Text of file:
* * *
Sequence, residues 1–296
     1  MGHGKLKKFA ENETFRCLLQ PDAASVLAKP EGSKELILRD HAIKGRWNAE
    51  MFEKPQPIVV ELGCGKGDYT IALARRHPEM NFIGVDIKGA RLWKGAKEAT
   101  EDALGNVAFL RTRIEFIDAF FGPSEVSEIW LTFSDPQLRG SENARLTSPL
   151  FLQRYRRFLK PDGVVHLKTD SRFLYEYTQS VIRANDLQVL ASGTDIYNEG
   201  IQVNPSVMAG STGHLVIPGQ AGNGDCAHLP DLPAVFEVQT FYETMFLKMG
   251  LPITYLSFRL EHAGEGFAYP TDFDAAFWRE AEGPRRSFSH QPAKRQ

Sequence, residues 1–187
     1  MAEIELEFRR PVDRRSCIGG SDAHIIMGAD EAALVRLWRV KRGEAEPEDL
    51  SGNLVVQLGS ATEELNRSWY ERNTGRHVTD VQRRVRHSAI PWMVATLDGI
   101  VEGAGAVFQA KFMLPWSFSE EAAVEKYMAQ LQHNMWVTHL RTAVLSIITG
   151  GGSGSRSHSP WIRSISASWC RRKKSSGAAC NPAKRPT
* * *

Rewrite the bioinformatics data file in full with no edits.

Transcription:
Sequence, residues 1–296
     1  MGHGKLKKFA ENETFRCLLQ PDAASVLAKP EGSKELILRD HAIKGRWNAE
    51  MFEKPQPIVV ELGCGKGDYT IALARRHPEM NFIGVDIKGA RLWKGAKEAT
   101  EDALGNVAFL RTRIEFIDAF FGPSEVSEIW LTFSDPQLRG SENARLTSPL
   151  FLQRYRRFLK PDGVVHLKTD SRFLYEYTQS VIRANDLQVL ASGTDIYNEG
   201  IQVNPSVMAG STGHLVIPGQ AGNGDCAHLP DLPAVFEVQT FYETMFLKMG
   251  LPITYLSFRL EHAGEGFAYP TDFDAAFWRE AEGPRRSFSH QPAKRQ

Sequence, residues 1–187
     1  MAEIELEFRR PVDRRSCIGG SDAHIIMGAD EAALVRLWRV KRGEAEPEDL
    51  SGNLVVQLGS ATEELNRSWY ERNTGRHVTD VQRRVRHSAI PWMVATLDGI
   101  VEGAGAVFQA KFMLPWSFSE EAAVEKYMAQ LQHNMWVTHL RTAVLSIITG
   151  GGSGSRSHSP WIRSISASWC RRKKSSGAAC NPAKRPT